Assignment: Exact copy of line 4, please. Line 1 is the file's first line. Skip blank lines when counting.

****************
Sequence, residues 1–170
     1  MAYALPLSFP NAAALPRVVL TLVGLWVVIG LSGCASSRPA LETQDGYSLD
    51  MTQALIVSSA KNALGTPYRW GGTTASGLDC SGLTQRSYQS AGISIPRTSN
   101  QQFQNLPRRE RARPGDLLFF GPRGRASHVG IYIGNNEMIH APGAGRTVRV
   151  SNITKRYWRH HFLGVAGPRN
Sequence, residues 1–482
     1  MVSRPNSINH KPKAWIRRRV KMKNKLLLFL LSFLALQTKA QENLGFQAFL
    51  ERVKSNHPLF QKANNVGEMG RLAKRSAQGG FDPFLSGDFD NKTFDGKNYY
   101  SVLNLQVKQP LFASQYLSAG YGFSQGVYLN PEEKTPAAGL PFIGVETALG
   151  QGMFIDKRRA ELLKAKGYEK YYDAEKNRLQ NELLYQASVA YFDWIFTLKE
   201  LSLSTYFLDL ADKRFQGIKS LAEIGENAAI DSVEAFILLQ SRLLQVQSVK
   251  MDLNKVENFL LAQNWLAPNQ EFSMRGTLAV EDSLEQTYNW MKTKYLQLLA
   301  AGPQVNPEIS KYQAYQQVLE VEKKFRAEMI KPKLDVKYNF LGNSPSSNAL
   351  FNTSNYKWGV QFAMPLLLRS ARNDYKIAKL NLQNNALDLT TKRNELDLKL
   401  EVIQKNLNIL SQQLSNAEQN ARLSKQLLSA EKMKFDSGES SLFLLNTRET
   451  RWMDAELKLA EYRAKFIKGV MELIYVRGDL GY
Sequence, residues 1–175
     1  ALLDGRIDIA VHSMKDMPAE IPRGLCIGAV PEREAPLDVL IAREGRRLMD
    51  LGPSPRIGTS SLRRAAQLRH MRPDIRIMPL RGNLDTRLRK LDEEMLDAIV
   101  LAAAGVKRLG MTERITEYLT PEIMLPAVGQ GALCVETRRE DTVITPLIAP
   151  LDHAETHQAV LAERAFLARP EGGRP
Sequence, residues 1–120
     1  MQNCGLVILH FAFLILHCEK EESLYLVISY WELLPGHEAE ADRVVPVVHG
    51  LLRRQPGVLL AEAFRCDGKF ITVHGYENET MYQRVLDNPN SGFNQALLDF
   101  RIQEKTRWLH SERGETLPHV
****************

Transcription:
   101  QQFQNLPRRE RARPGDLLFF GPRGRASHVG IYIGNNEMIH APGAGRTVRV